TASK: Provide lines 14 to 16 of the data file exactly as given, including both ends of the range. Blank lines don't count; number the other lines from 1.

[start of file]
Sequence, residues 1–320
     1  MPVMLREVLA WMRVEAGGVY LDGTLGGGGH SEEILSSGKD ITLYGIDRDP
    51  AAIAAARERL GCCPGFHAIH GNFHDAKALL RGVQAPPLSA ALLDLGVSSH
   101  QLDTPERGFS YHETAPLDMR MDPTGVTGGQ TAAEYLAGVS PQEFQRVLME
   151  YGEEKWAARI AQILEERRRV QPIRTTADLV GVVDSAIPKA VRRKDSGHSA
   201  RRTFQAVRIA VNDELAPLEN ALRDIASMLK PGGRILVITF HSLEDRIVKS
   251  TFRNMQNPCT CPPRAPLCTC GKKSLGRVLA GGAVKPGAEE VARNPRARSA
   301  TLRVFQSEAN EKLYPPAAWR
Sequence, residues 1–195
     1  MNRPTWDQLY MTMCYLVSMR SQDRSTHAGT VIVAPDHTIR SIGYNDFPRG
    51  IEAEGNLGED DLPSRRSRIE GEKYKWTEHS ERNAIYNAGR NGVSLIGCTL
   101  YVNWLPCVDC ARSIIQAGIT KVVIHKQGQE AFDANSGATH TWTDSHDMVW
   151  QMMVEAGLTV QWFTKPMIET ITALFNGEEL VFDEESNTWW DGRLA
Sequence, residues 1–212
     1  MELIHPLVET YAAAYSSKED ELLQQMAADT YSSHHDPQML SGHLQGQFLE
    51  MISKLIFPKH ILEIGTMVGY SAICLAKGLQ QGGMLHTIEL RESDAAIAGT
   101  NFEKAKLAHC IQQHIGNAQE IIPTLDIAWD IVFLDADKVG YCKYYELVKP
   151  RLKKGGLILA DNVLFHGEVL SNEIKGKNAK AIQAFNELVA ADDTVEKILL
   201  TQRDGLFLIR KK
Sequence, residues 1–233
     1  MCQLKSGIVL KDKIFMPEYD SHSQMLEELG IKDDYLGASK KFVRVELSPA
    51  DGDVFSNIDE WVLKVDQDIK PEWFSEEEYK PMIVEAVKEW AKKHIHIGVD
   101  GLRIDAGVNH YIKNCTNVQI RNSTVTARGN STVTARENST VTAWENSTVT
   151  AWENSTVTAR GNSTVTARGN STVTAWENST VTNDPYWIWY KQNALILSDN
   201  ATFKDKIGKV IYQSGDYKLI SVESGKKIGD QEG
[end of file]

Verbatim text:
Sequence, residues 1–212
     1  MELIHPLVET YAAAYSSKED ELLQQMAADT YSSHHDPQML SGHLQGQFLE
    51  MISKLIFPKH ILEIGTMVGY SAICLAKGLQ QGGMLHTIEL RESDAAIAGT